The sprawling frame of Archaeopteryx is one of the most widely-recognized images from the world of paleontology, yet fewer than a dozen specimens of the iconic "first bird" have been unearthed since the the species was first discovered in 1861.

But yesterday, researchers announced the discovery of a brand new Archaeopteryx specimen — and it's a stunning one at that; the fossil appears to be one of the most complete and well-preserved examples of the 150-million-year-old dinosaur we've seen (save for the fact that the skeleton is missing a head), and even includes some very clear impressions of feathers (click on the image below for a better look).


New Scientist's Jeff Hecht writes:

Archaeopteryx is one of the world's most iconic prehistoric animals - a dinosaur caught in the midst of evolving into a bird, some 155 million years ago. In German it's the urvogel, loosely translated as the original bird, as it was, until recently, believed to be the earliest bird species.

This new fossil, complete except for its head, is only the eleventh Archaeopteryx skeleton ever discovered. Like every other, it was found in Germany. The first was a single feather, recognised 150 years ago, just two years after Darwin published On the Origin of Species. The bones and feathers are nearly as well preserved as those of the famed Berlin specimen, says the Oliver Rauhut, curator of the Bavarian State Collection for Palaeontology and Geology. Some specimens are only partial, including one that palaeontologists have called the "chicken wing".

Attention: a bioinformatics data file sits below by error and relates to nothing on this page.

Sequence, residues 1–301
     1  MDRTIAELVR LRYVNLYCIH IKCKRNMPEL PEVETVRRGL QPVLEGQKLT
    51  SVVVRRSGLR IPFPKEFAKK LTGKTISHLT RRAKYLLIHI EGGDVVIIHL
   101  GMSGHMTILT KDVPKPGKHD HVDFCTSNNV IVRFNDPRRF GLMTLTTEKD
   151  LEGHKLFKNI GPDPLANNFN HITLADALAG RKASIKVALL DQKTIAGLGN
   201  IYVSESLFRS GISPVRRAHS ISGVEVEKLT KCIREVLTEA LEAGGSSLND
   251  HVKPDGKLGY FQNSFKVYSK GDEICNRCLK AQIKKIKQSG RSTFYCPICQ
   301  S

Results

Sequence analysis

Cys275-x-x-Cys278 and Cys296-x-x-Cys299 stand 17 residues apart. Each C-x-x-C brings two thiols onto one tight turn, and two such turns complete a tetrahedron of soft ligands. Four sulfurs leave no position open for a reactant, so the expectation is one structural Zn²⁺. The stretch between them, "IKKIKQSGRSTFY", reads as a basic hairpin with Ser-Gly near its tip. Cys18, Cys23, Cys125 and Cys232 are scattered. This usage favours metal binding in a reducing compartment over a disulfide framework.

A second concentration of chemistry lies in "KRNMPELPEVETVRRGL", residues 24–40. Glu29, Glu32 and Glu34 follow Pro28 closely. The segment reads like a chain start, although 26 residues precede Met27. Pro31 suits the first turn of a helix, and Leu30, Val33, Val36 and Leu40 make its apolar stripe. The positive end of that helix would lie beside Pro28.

The fossil will be on display from October 28—30th at the Munich Mineral Show, the largest event of its kind in Europe. The show tends to attract a lot of attention from fossil-lovers, which might explain why we've been seeing some pretty big announcements from the world of paleontology in the last few days; just last week researchers announced the discovery of one of the most well-preserved dinosaur skeletons the world has ever seen. This specimen will also be on display at the Munich Mineral show, beginning on the 27th.

Via New Scientist + Dinosaur Tracking
Images by Helmut Tischlinger via